Award Date

8-1-2012

Degree Type

Thesis

Degree Name

Master of Science (MS)

Department

Kinesiology and Nutrition Sciences

First Committee Member

Gabriele Wulf

Second Committee Member

John Young

Third Committee Member

Daniel Young

Fourth Committee Member

Antonio Santo

Number of Pages

35

Abstract

The positive effects of enhanced expectancies on motor performance and learning have been demonstrated by numerous studies. A more recent study by Stoate, Wulf, and Lewthwaite (2012) showed than enhancing one's expectancy by giving positive feedback increased movement efficiency and decreased oxygen consumption in experienced runners during a 20 minute running test at 75% of max oxygen consumption, compared to those who received no feedback. The purpose of the present study was to test if enhancing expectancies can improve movement efficiency (i.e., reduce oxygen consumption) during a sub-maximal exercise test. Participants were randomly assigned to one of two groups, enhanced expectancy or control. All participants completed four 3-minute modified step tests at a cadence of 24 steps per minute. During the step tests and rest periods, heart rate and oxygen consumption were recorded. The enhanced expectancy group receives positive feedback about their movement efficiency after each trial, while the control group received no feedback. Each participant was provided with a five minute rest period between trials. Rate of perceived exertion and were also recorded for each participant. Day two of testing consisted of two 3-minute modified step tests for each participant. During day two no feedback was given to either group to observe if the effects of the positive feedback from day one carry to the post-test. No significant group differences were found for any of the dependent variables. Possible reasons for the null effects are discussed.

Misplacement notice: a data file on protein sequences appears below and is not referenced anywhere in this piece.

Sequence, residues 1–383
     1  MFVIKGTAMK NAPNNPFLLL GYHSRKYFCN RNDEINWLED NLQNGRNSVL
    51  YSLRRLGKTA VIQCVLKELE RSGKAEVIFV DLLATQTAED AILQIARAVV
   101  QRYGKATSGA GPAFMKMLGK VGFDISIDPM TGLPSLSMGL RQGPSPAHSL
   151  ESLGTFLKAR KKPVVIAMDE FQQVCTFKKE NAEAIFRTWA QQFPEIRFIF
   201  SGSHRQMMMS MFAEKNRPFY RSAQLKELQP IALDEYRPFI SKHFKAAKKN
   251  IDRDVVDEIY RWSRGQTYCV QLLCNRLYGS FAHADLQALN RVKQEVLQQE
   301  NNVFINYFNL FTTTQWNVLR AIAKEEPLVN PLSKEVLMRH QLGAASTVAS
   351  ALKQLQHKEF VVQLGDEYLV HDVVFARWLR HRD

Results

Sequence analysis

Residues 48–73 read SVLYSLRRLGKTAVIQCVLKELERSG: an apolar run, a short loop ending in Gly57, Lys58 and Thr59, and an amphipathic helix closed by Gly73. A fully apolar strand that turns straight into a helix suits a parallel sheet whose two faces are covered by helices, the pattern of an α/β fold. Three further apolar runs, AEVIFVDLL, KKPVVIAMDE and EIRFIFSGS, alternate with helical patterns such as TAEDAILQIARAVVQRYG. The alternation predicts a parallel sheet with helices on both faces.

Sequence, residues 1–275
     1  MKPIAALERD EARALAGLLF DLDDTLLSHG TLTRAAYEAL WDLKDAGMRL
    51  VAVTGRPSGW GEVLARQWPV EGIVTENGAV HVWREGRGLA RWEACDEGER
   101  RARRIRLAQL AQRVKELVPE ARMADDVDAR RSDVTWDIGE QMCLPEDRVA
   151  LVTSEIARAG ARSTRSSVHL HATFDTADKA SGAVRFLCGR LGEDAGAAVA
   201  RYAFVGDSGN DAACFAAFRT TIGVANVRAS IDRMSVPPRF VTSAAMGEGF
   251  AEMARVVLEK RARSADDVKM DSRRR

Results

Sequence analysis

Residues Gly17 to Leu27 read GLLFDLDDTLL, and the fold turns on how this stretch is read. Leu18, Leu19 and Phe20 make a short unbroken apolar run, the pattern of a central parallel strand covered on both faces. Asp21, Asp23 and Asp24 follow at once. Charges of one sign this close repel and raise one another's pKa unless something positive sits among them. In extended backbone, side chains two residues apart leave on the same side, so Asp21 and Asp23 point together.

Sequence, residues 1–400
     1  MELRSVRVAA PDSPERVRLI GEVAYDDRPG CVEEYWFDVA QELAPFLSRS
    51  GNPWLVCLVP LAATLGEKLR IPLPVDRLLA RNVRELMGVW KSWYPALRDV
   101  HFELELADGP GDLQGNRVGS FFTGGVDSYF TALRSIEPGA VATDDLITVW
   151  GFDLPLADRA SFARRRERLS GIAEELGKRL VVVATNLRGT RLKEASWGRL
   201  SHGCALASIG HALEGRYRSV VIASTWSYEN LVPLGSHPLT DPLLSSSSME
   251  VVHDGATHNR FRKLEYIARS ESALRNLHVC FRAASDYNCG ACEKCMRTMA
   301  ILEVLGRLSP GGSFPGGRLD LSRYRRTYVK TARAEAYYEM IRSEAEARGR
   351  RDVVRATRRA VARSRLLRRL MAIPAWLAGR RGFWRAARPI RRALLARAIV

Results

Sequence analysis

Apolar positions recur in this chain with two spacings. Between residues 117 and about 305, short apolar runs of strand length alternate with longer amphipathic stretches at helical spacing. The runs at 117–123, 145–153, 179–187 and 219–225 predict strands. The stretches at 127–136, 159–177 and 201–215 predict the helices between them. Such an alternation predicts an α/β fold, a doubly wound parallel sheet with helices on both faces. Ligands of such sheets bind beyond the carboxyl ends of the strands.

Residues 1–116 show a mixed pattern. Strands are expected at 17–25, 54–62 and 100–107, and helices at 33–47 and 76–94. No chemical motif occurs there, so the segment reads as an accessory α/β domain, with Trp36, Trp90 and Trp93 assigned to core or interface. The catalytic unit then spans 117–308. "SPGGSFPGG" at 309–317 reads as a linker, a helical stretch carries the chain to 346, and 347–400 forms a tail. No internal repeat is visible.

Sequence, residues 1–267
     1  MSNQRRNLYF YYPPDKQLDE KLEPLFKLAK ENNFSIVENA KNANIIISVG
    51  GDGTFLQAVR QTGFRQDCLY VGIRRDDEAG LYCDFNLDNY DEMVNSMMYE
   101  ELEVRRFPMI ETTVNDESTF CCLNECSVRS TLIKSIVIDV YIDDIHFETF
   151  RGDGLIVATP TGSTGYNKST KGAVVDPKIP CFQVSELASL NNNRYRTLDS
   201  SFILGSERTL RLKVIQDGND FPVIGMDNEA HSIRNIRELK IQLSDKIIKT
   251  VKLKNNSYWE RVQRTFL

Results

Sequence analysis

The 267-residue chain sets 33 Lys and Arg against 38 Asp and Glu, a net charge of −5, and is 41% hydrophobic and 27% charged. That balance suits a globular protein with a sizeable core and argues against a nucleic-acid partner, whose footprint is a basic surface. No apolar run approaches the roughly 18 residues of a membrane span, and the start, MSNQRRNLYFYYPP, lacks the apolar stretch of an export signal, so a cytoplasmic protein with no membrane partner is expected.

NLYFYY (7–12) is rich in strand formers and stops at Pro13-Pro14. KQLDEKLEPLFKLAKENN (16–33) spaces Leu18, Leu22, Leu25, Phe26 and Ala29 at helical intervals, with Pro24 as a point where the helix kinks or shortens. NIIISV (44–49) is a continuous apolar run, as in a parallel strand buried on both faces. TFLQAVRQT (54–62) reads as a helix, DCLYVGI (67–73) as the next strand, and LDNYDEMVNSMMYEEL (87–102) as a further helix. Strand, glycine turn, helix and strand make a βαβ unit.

Keywords

Feedback (Psychology); Human mechanics; Modified step test; Oxygen consumption; Oxygen in the body; Performance; Positive feedback; Running

Disciplines

Exercise Science | Kinesiology | Psychology of Movement

Language

English


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